Top Tips for Wildlife Gardening
1. Choose berry, fruit, nut & seed plants
Berries, nuts, fruit & seeds provide important autumn & winter foods for birds & small mammals. They look great in the garden too.
Berries: hawthorn, holly, rowan
Fruit: apples, cherry, blackthorn
Nuts: hazel, beech
Seeds: artichokes, sunflowers, teasels
2. Nectar all year
Plant native nectar-rich plants to provide food for butterflies, moths, bees, bumble bees & hoverflies. Have something in flower through the year.
Spring: snowdrop, bluebell, cowslip,
Summer: vetches, lady’s bedstraw, red clover, knapweeds, scabious’s
Rockeries & banks: herb-robert, horseshoe vetch, ivy-leaved toadflax, red valerian,toadflax,wild strawberry.
3. Don’t be too tidy
Leave some areas of the lawn and garden to grow “wild” – good for amphibians & over-wintering insects.
4. Feed the birds
Different bird feeds & feeders suit different species. Clean regularly to prevent disease & follow BTO or RSPB guidelines.
5. Build a log or stone pile
Leaving log piles in undisturbed shady spots or laying flat stones around the garden helps pest predators such as centipedes, ground beetles, frogs & even hedgehogs.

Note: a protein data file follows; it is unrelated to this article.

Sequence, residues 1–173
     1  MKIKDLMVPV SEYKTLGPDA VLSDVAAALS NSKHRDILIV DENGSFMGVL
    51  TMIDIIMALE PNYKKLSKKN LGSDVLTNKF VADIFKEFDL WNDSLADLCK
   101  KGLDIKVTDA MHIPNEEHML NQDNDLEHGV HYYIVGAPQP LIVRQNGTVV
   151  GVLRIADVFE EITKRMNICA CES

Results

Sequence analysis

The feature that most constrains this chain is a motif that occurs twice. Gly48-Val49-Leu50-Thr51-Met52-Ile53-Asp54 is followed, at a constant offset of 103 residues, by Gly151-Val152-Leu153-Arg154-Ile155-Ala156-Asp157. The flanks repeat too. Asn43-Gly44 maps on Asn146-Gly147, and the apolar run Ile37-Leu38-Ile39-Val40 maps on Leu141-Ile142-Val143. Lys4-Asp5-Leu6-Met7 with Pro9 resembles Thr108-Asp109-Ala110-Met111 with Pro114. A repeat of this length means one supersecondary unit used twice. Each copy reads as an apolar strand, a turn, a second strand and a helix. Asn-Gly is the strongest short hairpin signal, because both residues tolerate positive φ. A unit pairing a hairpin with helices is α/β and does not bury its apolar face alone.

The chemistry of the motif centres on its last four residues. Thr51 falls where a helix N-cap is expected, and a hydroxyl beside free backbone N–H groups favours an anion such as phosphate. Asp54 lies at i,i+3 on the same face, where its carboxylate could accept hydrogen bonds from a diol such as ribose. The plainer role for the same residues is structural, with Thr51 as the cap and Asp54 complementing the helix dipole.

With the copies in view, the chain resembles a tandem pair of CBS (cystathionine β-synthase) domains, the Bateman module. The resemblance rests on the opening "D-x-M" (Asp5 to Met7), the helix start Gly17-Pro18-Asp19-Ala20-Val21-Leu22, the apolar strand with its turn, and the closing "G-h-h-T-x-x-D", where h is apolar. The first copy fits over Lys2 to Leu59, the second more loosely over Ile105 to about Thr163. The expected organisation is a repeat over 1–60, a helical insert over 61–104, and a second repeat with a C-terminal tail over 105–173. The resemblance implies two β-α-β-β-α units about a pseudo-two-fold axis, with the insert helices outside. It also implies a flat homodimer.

6. Water features
Even the smallest water feature can benefit wildlife. Carefully positioned away from ambushing cats in a sunny position, with gently sloping edges, a water feature can provide a safe place to drink, bathe and even breed. Don’t add any ornamental fish as they will eat all the wildlife!
7. Peat free compost
Using home-made compost instead of peat saves important peat bog habitats, home to many of Britain’s rarest and most spectacular wildlife.
8. Hedges & walls
Hedgerows are important highways, shelter belts & sources of food for animals throughout the year Bees prefer to nest in south facing old walls so take care when re-pointing..
9. Nest boxes
Make or buy nesting boxes for birds, bats, insects, hedgehogs & even toads – all will eat your garden pests. But keep them safe from cat & dogs.
- Put bird boxes on east-facing, sheltered spot
- Place bat boxes in groups of 3, facing different directions, high up on large trees
- Sheltered, warm spots are good for insect boxes
- Toads & hedgehogs prefer undisturbed dark, quiet corners.
10. Garden organically
Herbicides, fungicides and insecticides (including slug pellets) kill beneficial species as well as harmful ones. Hand weeding, mulching, weed suppressant fabric and planting good ground cover reduce the need for sprays.